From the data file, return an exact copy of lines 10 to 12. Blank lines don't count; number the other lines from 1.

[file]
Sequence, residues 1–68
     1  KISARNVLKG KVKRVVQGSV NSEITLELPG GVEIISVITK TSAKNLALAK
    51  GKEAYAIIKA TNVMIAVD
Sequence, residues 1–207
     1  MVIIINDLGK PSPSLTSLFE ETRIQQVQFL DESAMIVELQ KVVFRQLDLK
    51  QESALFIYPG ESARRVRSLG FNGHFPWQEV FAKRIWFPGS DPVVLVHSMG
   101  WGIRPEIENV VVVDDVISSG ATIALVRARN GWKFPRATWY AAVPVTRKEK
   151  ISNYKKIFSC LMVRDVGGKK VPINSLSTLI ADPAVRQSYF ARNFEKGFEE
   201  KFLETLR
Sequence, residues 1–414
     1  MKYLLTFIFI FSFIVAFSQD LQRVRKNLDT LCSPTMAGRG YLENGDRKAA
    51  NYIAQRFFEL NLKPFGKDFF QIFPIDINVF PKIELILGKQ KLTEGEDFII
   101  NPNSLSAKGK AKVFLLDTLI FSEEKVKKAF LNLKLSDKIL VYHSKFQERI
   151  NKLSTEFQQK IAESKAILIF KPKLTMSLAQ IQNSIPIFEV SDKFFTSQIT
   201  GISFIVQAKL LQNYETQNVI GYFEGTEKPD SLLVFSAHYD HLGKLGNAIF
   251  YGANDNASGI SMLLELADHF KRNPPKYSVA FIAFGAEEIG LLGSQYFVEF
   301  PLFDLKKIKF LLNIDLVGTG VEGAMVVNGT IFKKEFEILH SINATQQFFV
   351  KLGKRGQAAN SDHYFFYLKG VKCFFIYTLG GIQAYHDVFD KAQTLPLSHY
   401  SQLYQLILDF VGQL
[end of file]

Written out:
Sequence, residues 1–414
     1  MKYLLTFIFI FSFIVAFSQD LQRVRKNLDT LCSPTMAGRG YLENGDRKAA
    51  NYIAQRFFEL NLKPFGKDFF QIFPIDINVF PKIELILGKQ KLTEGEDFII